If you’d rather see a wide Utah landscape than a single site, the Dead Horse Point State Park can’t be beat. It’s a vast series of interconnecting small canyons ringed by sheer sandstone cliffs, all named for the dramatic peak, Dead Horse Point itself. At sunset, these mini-canyons catch the light in an indescribable fashion, creating a mosaic of shadows and rusted reds. There are several romantic legends about the area, regarding how cowboys once used these narrow canyons to corral wild mustangs so that they could choose the choicest specimens. The romance is well-deserved, and the state park still maintains a mystique to this day.
8. Northern and Southern Window
Also in the Arches National Park are these peculiarly-shaped rocks called the North and South Windows, or sometimes, the Spectacles. The rock formation is located on a short, but popular hiking trail less than a mile long. The path features beautiful canyon scenery along the way, including Double Arch and the Parade of Elephants. But when you visit, take care of the high winds in the area, and don’t try to climb into the spectacles! Many Utah landscapes are scalable, but multiple accidents have been reported by overenthusiastic visitors to the Windows, so take care!
9. Turret Arch
Adjoining the North and South Windows is a high tower called the Vigilant Arch, just one of the many sights to see in an area densely packed with natural attractions.
10. Cave Formations
While the Utah landscapes command most of the tourist attention, don’t forget about the state’s subterranean treasures as well. Utah is home to numerous beautiful cave formations, many of which offer guided tours of stalactite-studded lairs and winding stone mazes. Some of the most beloved caves include the Green Eyed Monster. This unique site boasts walls that take on a neon green look thanks to the unique mineral content of the rock. And then there are the perilously deep places like the Bloomington caves, where visitors can visit the truly alien landscapes of the underground.
11. Red, Orange Hues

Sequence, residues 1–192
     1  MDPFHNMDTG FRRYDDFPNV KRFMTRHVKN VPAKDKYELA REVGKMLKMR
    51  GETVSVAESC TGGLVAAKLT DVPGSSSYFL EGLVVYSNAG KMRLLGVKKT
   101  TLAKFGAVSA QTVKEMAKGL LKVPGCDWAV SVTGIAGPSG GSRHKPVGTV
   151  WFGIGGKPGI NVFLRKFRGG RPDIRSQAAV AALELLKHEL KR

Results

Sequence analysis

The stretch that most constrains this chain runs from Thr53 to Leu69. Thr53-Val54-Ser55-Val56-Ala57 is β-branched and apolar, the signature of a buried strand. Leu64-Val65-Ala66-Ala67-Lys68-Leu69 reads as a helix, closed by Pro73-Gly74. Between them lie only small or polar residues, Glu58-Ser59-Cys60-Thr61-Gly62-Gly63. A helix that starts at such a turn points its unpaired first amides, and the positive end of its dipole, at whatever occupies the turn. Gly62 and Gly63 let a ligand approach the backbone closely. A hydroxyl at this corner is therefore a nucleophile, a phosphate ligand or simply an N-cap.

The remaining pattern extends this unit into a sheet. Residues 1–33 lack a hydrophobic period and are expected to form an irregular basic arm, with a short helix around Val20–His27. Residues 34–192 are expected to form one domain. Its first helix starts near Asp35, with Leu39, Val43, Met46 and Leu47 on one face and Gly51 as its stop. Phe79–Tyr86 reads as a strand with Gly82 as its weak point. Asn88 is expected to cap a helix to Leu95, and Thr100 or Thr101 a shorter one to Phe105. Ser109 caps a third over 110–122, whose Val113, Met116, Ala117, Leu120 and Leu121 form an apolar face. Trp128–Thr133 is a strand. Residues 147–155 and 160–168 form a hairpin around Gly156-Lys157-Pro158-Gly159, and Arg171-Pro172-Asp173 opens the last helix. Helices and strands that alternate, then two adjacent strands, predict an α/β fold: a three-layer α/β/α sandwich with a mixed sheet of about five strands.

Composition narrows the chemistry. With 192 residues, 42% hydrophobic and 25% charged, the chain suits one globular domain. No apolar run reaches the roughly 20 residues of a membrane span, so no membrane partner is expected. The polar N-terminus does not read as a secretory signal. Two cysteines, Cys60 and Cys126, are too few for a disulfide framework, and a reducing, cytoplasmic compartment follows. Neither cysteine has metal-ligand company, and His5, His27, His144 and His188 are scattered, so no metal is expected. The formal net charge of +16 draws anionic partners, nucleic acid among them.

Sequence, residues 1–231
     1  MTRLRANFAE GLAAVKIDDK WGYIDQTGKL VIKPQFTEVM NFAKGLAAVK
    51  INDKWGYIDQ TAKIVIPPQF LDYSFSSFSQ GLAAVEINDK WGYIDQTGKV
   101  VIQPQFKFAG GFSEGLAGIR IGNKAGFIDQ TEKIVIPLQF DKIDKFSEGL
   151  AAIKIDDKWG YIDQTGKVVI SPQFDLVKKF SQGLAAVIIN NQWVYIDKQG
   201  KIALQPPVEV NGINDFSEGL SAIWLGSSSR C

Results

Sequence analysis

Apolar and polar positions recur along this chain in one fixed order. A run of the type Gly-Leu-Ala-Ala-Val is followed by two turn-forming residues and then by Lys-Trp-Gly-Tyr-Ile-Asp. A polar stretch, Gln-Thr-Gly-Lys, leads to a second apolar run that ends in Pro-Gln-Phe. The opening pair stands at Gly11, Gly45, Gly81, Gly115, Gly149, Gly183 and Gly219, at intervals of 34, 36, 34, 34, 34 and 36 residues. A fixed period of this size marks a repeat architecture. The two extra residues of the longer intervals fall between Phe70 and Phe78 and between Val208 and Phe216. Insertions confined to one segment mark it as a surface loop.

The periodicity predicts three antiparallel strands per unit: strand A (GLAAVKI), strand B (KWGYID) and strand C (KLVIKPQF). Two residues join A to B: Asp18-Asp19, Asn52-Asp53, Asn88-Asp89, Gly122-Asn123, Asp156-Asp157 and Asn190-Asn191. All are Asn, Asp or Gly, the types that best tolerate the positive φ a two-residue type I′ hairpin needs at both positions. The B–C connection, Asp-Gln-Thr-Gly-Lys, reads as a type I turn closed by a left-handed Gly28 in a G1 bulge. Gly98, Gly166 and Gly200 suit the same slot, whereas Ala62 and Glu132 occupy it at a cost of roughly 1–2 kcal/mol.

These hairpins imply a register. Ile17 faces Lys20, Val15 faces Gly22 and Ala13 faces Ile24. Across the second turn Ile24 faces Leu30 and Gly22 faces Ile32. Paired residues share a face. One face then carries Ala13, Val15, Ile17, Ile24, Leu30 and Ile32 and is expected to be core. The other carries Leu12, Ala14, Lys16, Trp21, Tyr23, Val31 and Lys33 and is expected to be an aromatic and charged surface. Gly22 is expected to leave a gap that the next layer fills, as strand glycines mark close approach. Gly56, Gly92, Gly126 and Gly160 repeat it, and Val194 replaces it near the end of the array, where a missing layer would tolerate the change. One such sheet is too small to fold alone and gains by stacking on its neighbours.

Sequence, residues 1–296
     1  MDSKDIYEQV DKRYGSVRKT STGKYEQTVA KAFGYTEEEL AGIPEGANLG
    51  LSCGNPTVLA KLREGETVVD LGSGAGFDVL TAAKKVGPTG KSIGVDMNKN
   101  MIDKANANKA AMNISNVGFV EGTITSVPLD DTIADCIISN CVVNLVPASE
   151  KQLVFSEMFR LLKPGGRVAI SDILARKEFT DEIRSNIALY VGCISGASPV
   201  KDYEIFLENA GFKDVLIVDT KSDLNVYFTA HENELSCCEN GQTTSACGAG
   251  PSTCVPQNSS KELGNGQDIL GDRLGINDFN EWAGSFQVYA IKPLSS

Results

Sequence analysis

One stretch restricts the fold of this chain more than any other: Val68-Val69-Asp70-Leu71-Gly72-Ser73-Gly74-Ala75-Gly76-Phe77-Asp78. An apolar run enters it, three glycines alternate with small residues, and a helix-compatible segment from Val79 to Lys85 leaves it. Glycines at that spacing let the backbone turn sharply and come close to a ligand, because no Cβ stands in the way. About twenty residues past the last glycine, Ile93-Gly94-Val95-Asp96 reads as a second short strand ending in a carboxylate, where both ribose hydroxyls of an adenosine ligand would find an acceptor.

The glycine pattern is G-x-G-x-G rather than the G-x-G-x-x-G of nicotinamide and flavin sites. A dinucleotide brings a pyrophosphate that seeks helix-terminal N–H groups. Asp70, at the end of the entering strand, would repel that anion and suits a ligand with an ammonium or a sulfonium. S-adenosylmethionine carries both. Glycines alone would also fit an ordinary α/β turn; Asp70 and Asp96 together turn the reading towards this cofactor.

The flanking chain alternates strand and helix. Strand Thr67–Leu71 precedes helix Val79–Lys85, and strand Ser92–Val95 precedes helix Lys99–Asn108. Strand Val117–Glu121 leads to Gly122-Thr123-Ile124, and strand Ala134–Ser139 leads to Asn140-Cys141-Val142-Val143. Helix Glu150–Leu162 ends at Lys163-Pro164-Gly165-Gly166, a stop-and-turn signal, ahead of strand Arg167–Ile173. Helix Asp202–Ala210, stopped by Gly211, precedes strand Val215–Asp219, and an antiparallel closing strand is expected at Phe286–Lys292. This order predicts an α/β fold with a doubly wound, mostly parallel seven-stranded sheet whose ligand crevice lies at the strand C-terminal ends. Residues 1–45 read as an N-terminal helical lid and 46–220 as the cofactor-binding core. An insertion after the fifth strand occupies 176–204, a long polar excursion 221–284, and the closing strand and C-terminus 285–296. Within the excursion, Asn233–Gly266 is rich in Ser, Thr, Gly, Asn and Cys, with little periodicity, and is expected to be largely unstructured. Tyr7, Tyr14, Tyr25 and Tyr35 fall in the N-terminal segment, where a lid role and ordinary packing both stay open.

Utah’s most beautiful features are known for their gorgeous orange and red hues. The color is a result of the rich sandstone that composes the state park’s most popular attractions. Sunset and sunrise are clearly the most opportune time to capture these natural sights, but the lush coloration catches the light magically no matter what time of day.
12. Capitol Reef
Capitol Reef National Park is in the breast of Utah’s red rock country, and is the most ruggedly handsome of the many Utah landscapes. If the name is confusing, keep in mind that a reef is any natural area that impedes travel, on land or sea. Capitol Reef presents visitors with a network of small arches, canyons, and niches to explore. It’s home to colorfully-named attractions like the Golden Throne (a gold-colored dome of bright carbonate rock) and the Hickman Bridge.
13. Observation Point
The road to Observation Point in Zion National Park is not easy, but the prize speaks for itself. The view from the Point boasts the bluest, cleanest skies in Utah. It also gives you a view of some of the state’s steepest cliffs and greenest valleys. The point overlooks multiple Utah landscapes, including the impossibly lush Echo Canyon and the White Cliffs. The scale of its beauty really can’t be overstated.
14. Narrows Formation
The Narrows in Zion National Park earned the 5th place spot on National Geographic’s list of America’s 100 Best Adventures, and for good reason. Visitors come for the challenging hike through the river running through the canyons. The waters run beneath the beautiful green gardens clinging to the canyon’s sides. And the walls themselves are as wondrously sculpted as canyon regions come. The trip isn’t the easiest, however. The water level varies from waist-deep to swimmable in some portions, and the riverbed houses large round stones that can be difficult to traverse. Come prepared with hiking poles and appropriate water shoes.
There is no better way to cap off a list of Utah landscapes than Bryce Canyon National Park. The rock formations in this area form a wide array of unbelievable shapes. There are mazes of jagged stone towers. There are micro-ranges of tiered rock shelves. The indescribable features of the park Ampitheater evoke various images in different visitors. Some describe it as a goblin-infested crag of pink and red hues. Other swear they see angels in the lush shadows of the canyon cliffs. The scale of the Park is no less than mythological, and no trip to Utah would be complete without experiencing it.